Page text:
Virtual inspections: Protecting asset value


Unsurprisingly, COVID-19 is pushing an increasing number of multifamily lenders and owners to conduct property inspections virtually. Industry giants like Freddie Mac today deploy them on a widespread basis, leading many in the multifamily space to move away from in-person inspections.

While the concept of virtual inspections existed prior to the pandemic, the physical and safety protocols imposed by the lockdowns undoubtedly make it increasingly appealing to conduct an inspection via a mobile device rather than in person.

Beyond COVID-19, there are often fiscal benefits to virtual inspections such as the elimination of travel and time costs associated with in-person inspections. Couple these cost saving benefits with the increased tech-savvy of the multifamily industry during the age of remote work—and virtual inspections seem like the clear choice. However, remote online inspections pose their own challenges and limitations. It’s important to understand those when inspecting properties virtually.

Connectivity issues

One of the most significant challenges with virtual inspections is also one of the simplest: WiFi and cellular connectivity. While populated, urban areas typically offer strong WiFi and 4G/5G signals, rural and some suburban areas present serious gaps in connectivity.

Additionally, even highly populated areas with strong connectivity can suffer from lapses in coverage, with certain areas of buildings having little to no signal.

This is challenging when conducting an online inspection. When video calls don’t connect, are repeatedly dropped, the lender representative can only hear every other word being said, or certain portions of the property cannot be viewed because no coverage exists in those areas, frustrations undoubtedly arise and inefficiencies with remote inspections become apparent.

Onsite variables

Virtual inspections place great responsibility on the onsite staff helping facilitate property tours. Inspectors count on the person on the other end of the video call to be completely thorough and forthright, from transparently revealing each and every aspect of the property to disclosing issues that impact appraisal and funding.

In some cases, onsite staff are well trained, perform their role with integrity and this isn’t an issue. In others, however, inspectors miss items that they would have easily caught if they were onsite themselves. As with connectivity, this aspect of the remote inspection is largely out of the inspector’s hands and poses significant quality control issues.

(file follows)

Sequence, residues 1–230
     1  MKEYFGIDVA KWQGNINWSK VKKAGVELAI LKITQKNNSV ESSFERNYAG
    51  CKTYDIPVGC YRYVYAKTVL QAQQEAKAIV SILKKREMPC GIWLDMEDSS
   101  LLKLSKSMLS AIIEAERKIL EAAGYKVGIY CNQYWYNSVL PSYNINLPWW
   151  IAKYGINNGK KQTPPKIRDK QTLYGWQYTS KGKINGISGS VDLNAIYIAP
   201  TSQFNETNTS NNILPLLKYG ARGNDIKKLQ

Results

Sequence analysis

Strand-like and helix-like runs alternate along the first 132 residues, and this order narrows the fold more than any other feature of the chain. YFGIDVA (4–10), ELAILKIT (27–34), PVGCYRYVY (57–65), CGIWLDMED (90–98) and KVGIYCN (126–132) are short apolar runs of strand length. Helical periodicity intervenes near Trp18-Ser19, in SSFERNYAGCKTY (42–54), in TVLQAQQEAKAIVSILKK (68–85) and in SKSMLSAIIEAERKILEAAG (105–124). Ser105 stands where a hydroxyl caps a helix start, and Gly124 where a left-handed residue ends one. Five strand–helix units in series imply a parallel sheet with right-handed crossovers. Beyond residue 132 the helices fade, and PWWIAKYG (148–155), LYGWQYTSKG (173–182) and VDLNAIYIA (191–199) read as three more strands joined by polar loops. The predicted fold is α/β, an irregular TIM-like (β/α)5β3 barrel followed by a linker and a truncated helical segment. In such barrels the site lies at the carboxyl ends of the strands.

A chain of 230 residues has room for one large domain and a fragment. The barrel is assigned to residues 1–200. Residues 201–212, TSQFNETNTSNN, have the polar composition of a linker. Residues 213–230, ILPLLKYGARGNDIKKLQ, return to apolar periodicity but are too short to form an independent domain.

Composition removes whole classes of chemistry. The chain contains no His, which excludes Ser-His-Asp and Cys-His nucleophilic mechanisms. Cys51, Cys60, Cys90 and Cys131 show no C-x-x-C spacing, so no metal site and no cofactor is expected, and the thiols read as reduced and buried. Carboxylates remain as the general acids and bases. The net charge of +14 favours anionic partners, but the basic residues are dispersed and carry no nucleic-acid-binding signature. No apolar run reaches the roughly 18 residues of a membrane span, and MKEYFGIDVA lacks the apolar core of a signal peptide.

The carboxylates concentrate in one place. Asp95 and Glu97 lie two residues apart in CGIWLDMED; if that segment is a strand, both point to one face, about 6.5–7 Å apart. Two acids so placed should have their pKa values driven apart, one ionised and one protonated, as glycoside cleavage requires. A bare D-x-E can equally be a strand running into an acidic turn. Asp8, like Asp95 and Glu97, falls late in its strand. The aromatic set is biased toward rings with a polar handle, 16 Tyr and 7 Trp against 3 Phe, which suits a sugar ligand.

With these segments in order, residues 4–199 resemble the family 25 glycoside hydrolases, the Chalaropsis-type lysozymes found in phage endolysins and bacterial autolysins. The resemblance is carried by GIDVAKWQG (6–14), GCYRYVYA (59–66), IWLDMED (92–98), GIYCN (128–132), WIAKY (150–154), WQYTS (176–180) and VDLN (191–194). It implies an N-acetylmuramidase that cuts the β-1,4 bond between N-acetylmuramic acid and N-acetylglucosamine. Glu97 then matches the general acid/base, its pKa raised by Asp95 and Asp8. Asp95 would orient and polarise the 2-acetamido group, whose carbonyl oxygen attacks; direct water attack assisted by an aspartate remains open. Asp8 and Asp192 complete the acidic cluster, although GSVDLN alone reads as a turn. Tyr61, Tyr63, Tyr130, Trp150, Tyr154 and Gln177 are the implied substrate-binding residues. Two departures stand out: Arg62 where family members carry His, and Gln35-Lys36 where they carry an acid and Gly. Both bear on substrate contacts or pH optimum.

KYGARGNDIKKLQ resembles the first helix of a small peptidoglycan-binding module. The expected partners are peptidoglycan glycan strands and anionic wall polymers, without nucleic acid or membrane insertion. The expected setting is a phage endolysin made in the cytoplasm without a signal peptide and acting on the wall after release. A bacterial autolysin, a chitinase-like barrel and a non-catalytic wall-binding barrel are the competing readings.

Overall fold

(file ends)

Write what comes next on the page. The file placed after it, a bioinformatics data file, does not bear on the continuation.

Data storage

One often overlooked aspect of virtual inspections is what to do with the video and other property data after an inspection occurs. Video files are extremely large, making them costly and challenging to store. As remote inspections become more prolific, the amount of storage needed continues to mount. Security is also an issue.

As seen in recent headlines, video conferencing apps can be breached, leaving sensitive property data vulnerable. The industry must also reach consensus regarding what virtual property inspection data belongs in the official loan documentation, as well as how long it should be kept.

Standardizing this process minimizes missing information down the line, as well as reduces information overload caused by excessive data being stored.

Time and costs

Two of the most touted benefits of virtual inspections are time and cost savings. In-person inspections often include airfare, hotel and transportation costs, and can be time consuming to conduct when you add in travel time. Compared to a video call, in-person inspections require a significant use of resources. However, virtual inspections aren’t free either. They often cost several hundred dollars in fees to conduct.

Depending on where your inspector is located in relation to the property, the cost benefit will vary. For companies with inspectors located across the country, a short flight or drive away from any given property, the in-person option may be less expensive.

Ultimately, it’s important to assess each situation on a case-by-case basis. However, virtual inspections almost always beat out the in-person option when it comes to time saved—another important variable.

Technological advancements

No longer reliant on traditional video conferencing tools, the virtual inspection industry has come a long way in recent years. Apps such as HappyCo streamline the process, housing checklists, photography, video and other documentation in one place while prompting inspectors each step of the way.

These newer apps help systematize the process, minimizing challenges and improving consistency. As adoption of virtual inspections continues to grow, technology will undoubtedly evolve further to improve the process even more.

The value of human judgement

One of the most important elements virtual inspections lack is human judgement and observation. No matter how strong your technological setup and onsite support staff are, it’s simply not possible to be as thorough through a screen.

An overreliance on technology may compromise the integrity of the inspection, negatively impacting accurate appraisal and funding. Even if time and money is saved by conducting an inspection virtually, it isn’t worth the risk if your inspection fails to yield useful or comprehensive data. Ideally, virtual inspections will enhance, rather than replace, in-person inspections by combining the power of technology with the strength of human reasoning. As virtual inspections continue to grow in popularity, we must not forget that human judgement is irreplaceable in the due diligence process.

Author Matthew Stoehr, Sabal